In a week when the attention of Americans abruptly shifted from a paralyzing coronavirus pandemic to outrage over the deaths of black people in police custody, they learned that while George Floyd survived one threat, he was unable to live through the other.
Floyd tested positive for coronavirus in April, and again following his death last week after he was restrained by police in Minneapolis, final autopsy results show.
But the virus played no known role in his death and he was likely not contagious, the Hennepin County Medical Examiner’s office said in its final report Wednesday.
“Since … positivity for (Covid-19) can persist for weeks after the onset and resolution of clinical disease, the autopsy result most likely reflects asymptomatic but persistent … positivity from previous infection,” it said.
Floyd survived a pandemic that has killed more African Americans in the United States than whites or other ethnic groups.
Black Americans represent 13.4% of the American population, according to the US Census Bureau. But counties with higher black populations account for more than half of all coronavirus cases and almost 60% of deaths, a study found.
The protests against police brutality have only compounded the health risks as massive crowds take to the streets in close proximity despite the highly contagious nature of coronavirus.
County and family release conflicting autopsies
In addition to his coronavirus test results, officials released more details on the final autopsy.
Floyd’s death was due to cardiopulmonary arrest — or the stopping of his heart — according to the final autopsy results released by the Hennepin County Medical Examiner.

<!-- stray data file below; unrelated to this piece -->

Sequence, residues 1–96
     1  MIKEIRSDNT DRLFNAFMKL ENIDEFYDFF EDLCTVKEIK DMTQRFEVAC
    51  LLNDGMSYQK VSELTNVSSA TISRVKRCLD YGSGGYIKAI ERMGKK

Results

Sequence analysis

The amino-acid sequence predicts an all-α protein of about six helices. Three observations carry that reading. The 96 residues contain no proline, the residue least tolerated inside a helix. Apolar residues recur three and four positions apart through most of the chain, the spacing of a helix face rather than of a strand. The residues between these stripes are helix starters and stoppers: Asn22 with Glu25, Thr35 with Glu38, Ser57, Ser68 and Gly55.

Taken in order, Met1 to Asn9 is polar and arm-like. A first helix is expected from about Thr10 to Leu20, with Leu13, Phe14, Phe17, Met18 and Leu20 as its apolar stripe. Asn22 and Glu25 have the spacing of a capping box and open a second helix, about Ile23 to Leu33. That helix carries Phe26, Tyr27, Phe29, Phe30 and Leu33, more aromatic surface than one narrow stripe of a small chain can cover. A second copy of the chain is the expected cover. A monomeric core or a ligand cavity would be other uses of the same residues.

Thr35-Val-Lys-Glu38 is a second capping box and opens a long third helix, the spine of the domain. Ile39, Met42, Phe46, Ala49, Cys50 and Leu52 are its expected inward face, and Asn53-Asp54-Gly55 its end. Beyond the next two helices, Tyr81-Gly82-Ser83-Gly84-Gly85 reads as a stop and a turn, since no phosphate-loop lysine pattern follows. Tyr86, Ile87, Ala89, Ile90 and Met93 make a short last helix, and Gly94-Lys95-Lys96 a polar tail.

His neck was compressed when the officer’s knee was on it for more than eight minutes, the report says, but does not conclude that it directly caused his death.
The final report from the medical examiner says Floyd had bruises and cuts on his head, face, mouth, shoulders, arms and legs from when the officer forced him to the ground and knelt on his neck. But it finds no evidence that any of those injuries directly would have killed him.
It found no evidence of major neck injuries, skull or brain injuries. There was no damage to internal organs, it said. “The thyroid cartilage and hyoid bone are intact,” it reads. The hyoid bone can be broken during strangulation.
The final autopsy says Floyd had heart disease and a history of high blood pressure. It includes a more complete toxicology report that said Floyd had evidence of several drugs in his blood and urine, including morphine, fentanyl, cannabis and methamphetamine, although not all of the tests were reliable.
Experts hired by Floyd’s family and the Hennepin County Medical Examiner have concluded his death was a homicide, but they differ on what caused it.
An independent autopsy commissioned by the Floyd family disagreed with the county’s conclusion, saying he died of “asphyxiation from sustained pressure.” It also said there was no evidence of heart disease, but added that pathologists didn’t have access to all of the samples from his body.
Protests continue for over a week
Throngs of protesters have taken to the streets since Floyd died on May 25 to demand the arrest of all four officers involved. Authorities initially arrested Derek Chauvin, the officer who pinned Floyd to the ground by his neck for 8 minutes and 46 seconds before he died. On Wednesday, they upgraded the murder charges against him and charged three other former officers who were at the scene with aiding and abetting.
While officers are rarely convicted of on-duty killings, Minnesota Attorney General Keith Ellison said he’s confident the evidence supports the new and more serious charges.
“George Floyd mattered. He was loved. His family was important. His life had value,” Ellison said. “We will seek justice for him and for you, and we will find it.”
Chauvin was initially charged with third-degree murder and second-degree manslaughter. A charge of second-degree murder was added Wednesday, which carries 40 years in prison if convicted.
The other former officers — J. Alexander Kueng, Thomas Lane and Tou Thao — were arrested Wednesday, and face charges of aiding and abetting second-degree murder and aiding and abetting second-degree manslaughter. If convicted, they face up to 40 years in prison.